 Respiration will not affect this murmur.

Pulmonic Stenosis:
Causes: Congenital. Gets progressive in nature with aging.

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Diastolic murmurs
Aortic regurgitation murmur:
   DeMusset’s: patient nods head with every heart beat. Seen in late stages. By this time they have
       severe weakness.
   Austin-Flint murmur: low pitch rumbling murmur at apex. This is fairly common finding. This is
       due to increased turbulence coming from two directions going into the ventricle. KNOW THIS FOR

Pulmonic valve regurgitation:
   Pulmonary valve not closing completely with retrograde blood flow into Right ventricle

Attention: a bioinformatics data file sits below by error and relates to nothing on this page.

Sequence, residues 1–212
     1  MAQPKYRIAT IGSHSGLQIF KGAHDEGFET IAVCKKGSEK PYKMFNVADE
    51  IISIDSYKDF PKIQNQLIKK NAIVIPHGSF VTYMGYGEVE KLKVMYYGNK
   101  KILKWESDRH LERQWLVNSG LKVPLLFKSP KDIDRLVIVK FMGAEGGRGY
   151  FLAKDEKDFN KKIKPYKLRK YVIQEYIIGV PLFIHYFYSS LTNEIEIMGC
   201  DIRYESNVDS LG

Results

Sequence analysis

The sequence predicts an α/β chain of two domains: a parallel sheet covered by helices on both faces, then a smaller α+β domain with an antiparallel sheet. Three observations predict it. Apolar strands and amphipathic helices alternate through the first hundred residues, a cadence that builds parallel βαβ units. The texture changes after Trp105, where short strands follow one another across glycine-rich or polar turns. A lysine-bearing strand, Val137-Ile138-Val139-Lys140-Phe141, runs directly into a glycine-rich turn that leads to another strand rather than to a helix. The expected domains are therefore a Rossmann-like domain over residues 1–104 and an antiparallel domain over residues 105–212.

 Hear it best at second left intercostal space or also appreciated at the third.

Mitral stenosis:
  Causes are rheumatic fever and cardiac infection.

Pulmonic Valve stenosis is most congenital in small infants and toddlers.
   Major signs and symptoms are failure to thrive.
   Assume positions to diminish pressure on the heart.

Second hour watch video to listen to heart sounds.
Listen to murmurs.

  Reasons for performing an exam: symptamatology and risk factors
  Normal and abnormal finding associatged with insepection, palpation, percussion and ascultation
  What creates Heart sounds, what increases and decreases
  Know splits. Normal vs abnormal and where you hear them
  Physiological splits, when pahtological
  Ejection clicks are due to stenosis of the valve that is supposed to open but becaues of decreased
    compliance they do not open passively
  Opening snap diastolic is due to mitral or tricuspid